Hamilton College Adopts Diversity Curriculum Requirement

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In order to demonstrate its diversity and inclusion efforts, Hamilton College in New York this year adopted a new curriculum requirement that all major areas of study must include relevant coursework on diversity.

Beginning in fall 2017 every concentration must have a component aimed at helping students gain an understanding of structural and institutional hierarchies based on one or more of the social categories of race, class, gender, ethnicity, nationality, religion, sexuality, age, and abilities/disabilities. Proponents of the rule believe it will bolster students’ ability to think critically about the experiences of diversified social groups.

It will be up to individual departments and programs at Hamilton to decide how students fulfill the new requirement in a way that corresponds with each area of study.

While faculty approved the proposal with an 80-19 vote, some think it is short sighted.

“The requirement would improperly impose esoteric ideological values on the student body and fail to live up to the college’s commitment to freedom of inquiry,” according to a statement released by the independent group Hamilton College Alumni for Governance Reform. “[We encourage] the Committee on Academic Policy to reject this proposed resolution, which improperly advances a prescribed ideological position and mandates its universal instruction.”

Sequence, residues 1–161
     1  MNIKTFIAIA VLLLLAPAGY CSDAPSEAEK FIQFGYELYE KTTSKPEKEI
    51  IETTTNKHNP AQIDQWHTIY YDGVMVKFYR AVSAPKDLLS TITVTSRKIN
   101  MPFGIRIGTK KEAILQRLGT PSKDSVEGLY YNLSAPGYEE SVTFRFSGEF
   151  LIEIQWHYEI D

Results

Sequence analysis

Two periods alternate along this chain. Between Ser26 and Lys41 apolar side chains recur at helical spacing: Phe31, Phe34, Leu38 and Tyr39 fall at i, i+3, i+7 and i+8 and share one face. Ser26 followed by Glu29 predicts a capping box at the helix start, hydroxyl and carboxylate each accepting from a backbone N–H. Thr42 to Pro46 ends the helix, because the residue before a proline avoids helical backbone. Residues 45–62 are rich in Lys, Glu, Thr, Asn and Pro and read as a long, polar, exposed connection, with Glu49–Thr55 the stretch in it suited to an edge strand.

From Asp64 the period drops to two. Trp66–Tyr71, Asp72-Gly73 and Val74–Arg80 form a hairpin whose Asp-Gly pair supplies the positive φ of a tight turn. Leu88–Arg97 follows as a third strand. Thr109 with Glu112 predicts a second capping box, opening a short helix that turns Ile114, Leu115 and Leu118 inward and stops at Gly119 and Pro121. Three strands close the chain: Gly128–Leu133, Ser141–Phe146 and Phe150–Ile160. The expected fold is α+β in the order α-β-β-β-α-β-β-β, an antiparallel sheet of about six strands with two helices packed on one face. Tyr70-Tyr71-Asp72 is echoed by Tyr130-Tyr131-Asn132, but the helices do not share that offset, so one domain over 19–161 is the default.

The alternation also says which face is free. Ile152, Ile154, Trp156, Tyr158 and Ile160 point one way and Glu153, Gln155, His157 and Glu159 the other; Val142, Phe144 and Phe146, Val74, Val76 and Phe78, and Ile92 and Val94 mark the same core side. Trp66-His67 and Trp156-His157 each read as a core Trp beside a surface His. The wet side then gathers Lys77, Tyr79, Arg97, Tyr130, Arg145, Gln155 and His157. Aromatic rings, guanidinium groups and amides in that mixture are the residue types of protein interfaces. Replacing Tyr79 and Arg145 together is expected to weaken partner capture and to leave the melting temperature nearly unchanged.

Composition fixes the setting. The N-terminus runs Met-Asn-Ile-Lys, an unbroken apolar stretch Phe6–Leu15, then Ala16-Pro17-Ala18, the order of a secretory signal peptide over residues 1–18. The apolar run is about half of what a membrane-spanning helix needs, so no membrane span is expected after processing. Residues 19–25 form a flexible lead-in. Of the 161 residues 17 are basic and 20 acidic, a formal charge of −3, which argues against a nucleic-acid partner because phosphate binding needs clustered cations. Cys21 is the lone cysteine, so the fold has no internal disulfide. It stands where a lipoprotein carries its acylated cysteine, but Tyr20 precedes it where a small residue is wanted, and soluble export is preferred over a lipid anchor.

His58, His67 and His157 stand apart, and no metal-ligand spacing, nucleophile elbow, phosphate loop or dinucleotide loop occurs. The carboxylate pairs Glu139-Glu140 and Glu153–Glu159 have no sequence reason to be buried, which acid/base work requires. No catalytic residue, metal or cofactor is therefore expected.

Another concern, even among supporters, is that diversity is vaguely defined in the new requirement. However, the faculty will be charged with ensuring the curriculum is in line with the college’s mission to help students learn to embrace difference.

“Individual departments can decide what their students need to know in order to succeed in their discipline,” Hamilton professor Nancy Rabinowitz said in a statement. “That will differ for humanists, artists, social scientists, and scientists. The flexibility is the beauty of the requirement Hamilton has created.”